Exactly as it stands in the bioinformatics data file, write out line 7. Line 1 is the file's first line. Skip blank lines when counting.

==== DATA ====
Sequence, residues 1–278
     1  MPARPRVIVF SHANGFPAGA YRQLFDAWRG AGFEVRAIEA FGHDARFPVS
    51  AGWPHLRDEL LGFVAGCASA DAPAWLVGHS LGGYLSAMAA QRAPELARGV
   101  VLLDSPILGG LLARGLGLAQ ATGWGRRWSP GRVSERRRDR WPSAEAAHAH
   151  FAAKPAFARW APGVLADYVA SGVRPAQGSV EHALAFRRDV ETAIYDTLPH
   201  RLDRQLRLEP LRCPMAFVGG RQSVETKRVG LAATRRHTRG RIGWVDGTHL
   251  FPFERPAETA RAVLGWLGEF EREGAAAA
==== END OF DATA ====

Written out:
   251  FPFERPAETA RAVLGWLGEF EREGAAAA